Those, in fact, are a surprise addition to the album also present in the subsequent Human Race. The inclusion of Ivo Bokulic on viola and Mathew Szemela as well as Liana Berube on violin was an idea of pianist Matt (who claims that there were "higher forces at play" in the creation of the track), and their cumulative force peaks in a breathtaking triple starting at 2:35. They lend a classic severity to Stafford's words, further illustrated by some colorful murals in the video shot by Roger Landon Hall: "Poets prophets and musicians all find their place, sending love into an inner space." Another highlight in the unfoldment of the song is Roger's sax solo, a wild, slightly chaotic stretch that seems to symbolize the dissonance of human experiences.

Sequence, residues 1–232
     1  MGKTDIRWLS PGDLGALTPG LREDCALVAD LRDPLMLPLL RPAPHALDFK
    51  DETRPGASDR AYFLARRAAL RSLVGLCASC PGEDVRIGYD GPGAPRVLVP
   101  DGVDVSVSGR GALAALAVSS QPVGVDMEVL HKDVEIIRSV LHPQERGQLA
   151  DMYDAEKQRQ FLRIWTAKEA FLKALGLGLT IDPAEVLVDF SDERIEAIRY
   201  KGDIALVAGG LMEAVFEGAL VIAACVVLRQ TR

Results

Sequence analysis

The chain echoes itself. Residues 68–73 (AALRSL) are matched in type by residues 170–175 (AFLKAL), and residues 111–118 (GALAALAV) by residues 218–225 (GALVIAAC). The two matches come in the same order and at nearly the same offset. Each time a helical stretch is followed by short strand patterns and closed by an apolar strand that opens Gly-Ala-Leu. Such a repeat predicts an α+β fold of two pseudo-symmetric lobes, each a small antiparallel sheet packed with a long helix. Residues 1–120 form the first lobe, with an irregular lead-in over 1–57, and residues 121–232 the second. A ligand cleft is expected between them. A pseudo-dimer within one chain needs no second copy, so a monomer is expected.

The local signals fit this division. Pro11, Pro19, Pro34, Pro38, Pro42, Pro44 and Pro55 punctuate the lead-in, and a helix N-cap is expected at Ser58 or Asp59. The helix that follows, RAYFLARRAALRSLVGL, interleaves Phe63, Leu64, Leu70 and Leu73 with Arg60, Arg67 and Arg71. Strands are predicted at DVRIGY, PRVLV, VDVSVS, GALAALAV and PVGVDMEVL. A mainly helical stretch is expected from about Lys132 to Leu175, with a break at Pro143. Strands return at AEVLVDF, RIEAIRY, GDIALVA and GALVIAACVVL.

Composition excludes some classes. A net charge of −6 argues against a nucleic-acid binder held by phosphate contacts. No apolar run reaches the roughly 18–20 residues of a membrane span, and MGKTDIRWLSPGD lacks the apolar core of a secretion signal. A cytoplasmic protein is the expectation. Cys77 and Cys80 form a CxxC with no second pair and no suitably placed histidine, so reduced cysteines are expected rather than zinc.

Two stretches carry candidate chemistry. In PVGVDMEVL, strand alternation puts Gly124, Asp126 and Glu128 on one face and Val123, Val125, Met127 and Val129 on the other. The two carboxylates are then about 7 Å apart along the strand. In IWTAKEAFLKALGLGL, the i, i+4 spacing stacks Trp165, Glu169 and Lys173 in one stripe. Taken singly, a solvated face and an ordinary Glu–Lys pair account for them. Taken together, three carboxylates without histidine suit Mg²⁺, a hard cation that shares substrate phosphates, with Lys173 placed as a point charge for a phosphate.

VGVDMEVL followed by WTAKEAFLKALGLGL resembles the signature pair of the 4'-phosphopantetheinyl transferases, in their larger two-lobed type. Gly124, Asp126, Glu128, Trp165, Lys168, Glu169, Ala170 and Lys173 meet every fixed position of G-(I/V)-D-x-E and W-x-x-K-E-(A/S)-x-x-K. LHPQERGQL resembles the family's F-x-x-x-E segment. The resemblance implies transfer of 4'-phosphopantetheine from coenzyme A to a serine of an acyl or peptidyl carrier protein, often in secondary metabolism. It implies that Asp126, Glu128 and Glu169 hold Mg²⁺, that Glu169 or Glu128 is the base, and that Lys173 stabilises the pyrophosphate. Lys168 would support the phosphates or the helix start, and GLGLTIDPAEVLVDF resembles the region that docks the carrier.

How about some more surprises? Just continue listening and try to grasp Greed. Its polyrhythmic design is elusive, even after several listening rounds. A masterpiece of innovative musicianship and multilayered harmonies, it combines different vocal, lyrical and instrumental elements (the strings shine here once more) and leave the task of detangling their combined impact to your brain.
A similar challenge is brought across by the equally odd-metered Market Price. After a strong piano intro, coupled with jazzy horns (represented in the video by a glorious sunrise), the drum roll kicks the beat off with that typical Reggae feeling, but as soon as you start nodding along to it, you suddenly feel the difference from the traditional 4/4 conceptions. I leave it to musicology experts to comment below what exact meter this track is in, and talk about the beautiful marriage of voices and words instead. Backing vocalists Brady and Alreca amaze with their on-point delivery of the first lines of the song, to which Harrison's tenor adds the pensive lyrics about wrong leaders and gullible followers. Contemplating the past (and present) failures of mankind is indeed disheartening, but the last rhyme leaves us with a glimpse of hope: "This is not the end, you see, for I believe in prophecy, and there's a riddim inside of we a gonna shift society."